*In the past, a method for parameter estimation was covered, named maximum likelihood estimation (MLE). If you want to know more about it, visit the following blog post.*

There is another parameter estimation method that it’s worth mentioning. It’s called **maximum a posteriori**, shortened by MAP. To see how that works we’ll revisit the Bayes’ theorem:

Each component of the equation is explained below:

- is known as the prior. It specifies the prior knowledge about the parameters
**before seeing the data**. - works as a normalization factor. It’s calculated as the marginal distribution of the data over the parameters.
- is the likelihood function, a function linking the data with your paramaters. It measures the probability that your data has been obtained with the current parameter values.
- is the posterior distribution. Given your data, it measures the probability that it has been generated by certain set of parameter values.

What’s the difference between MLE and MAP?

- Estimating parameters through MLE implies to maximize
- Estimating parameters through MAP, implies finding the parameters that maximize which in turn leads to maximizing the product of MLE times the prior

When all these components are normally distributed, this is how the prior and likelihood intervene on the posterior. The prior will attract the posterior towards its position. This will make sense in the next section.

## Bayesian linear regression

The case study will be to estimate the parameters in a linear regression model, where two normally distributed random variables will act as the offset and slope the line. The data used for this tutorial is again simulated and looks like this:

For the sake of simplicity, the variance of these variables will be kept constant. With Tensorflow and Tensorflow Probability the model is defined as follows:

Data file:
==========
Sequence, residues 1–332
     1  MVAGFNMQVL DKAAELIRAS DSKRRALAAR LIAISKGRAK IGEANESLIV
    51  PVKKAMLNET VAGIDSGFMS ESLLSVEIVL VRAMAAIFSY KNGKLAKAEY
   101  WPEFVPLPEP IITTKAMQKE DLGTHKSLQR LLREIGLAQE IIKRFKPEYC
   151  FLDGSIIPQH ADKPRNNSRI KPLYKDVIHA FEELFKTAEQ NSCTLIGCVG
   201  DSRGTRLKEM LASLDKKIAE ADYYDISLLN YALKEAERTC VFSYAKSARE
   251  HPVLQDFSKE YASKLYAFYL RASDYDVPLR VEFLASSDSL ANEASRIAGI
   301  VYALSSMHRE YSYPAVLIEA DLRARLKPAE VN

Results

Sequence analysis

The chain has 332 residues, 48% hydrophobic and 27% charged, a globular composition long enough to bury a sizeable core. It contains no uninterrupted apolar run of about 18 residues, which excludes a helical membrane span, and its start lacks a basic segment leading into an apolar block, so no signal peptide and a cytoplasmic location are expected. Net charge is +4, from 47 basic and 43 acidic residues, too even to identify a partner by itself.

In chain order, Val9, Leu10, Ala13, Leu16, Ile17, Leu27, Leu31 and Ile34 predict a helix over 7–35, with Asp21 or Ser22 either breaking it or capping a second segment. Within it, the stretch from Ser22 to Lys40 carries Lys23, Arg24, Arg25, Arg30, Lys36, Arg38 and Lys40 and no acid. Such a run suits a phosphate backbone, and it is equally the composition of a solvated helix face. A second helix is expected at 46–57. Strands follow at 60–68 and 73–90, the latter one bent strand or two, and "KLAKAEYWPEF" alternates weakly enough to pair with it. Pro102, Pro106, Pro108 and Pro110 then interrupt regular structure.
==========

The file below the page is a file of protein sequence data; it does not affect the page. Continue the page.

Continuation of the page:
```
# Define model and its constituents (as normal random variables)
b0_v = tf.Variable(0.0)
b1_v = tf.Variable(0.0)
model = tfd.JointDistributionSequential([
tfd.Normal(name = "b0", loc=b0_v, scale=1.0),
tfd.Normal(name = "b1", loc=b1_v, scale=1.0),
lambda b1, b0: tfd.Independent(tfd.Normal(loc = b0 + b1*X, scale=5.0), reinterpreted_batch_ndims=1)])
```

In terms of code what are the differences between MAP and MLE?

```
def loss_MAP(model, data):
total_log_prob = -tf.reduce_mean(model.log_prob([b0_v, b1_v, data])) - tf.reduce_mean(model.log_prob_parts([b0_v, b1_v, data])[:-1])
return(total_log_prob)
def loss_MLE(model, data):
total_log_prob = -tf.reduce_mean(model.log_prob([b0_v, b1_v, data]))
return(total_log_prob)
```

Whenever we calculate the posterior probability, by using the logarithm, the product of the likelihood and the prior becomes the addition of these two components. The negative sign is to transform the maximum likelihood into a minimization problem.

After several iterations the results of the fit are shown down below:

You can see how both approaches converges to the best fit to the data given the chosen model. The starting point of the model is the black line where both parameters are zero. Since both results look similiar, you may be thinking…*What’s the difference between using MAP or MLE then?*

Let’s see the learning curves of those parameters.

From these plots we can extract the following conclusions:

- Both methods converge to the same values
- MLE converges faster than MAP

At each iteration, the MAP algorithm takes into account the prior to estimate the value of the parameters. This becomes a burden when the true value is far away from the starting value of the prior.

MAP is useful to express uncertainty about the parameters and when you want your prior knowledge influence the estimation of the parameters. If that’s not particularly important for you, choose MLE instead.

These two parameter estimation techniques are now part of you toolset. Feel free to adapt the code of this example for your problems. As usual, you can find the complete tutorial for this post on my Github.

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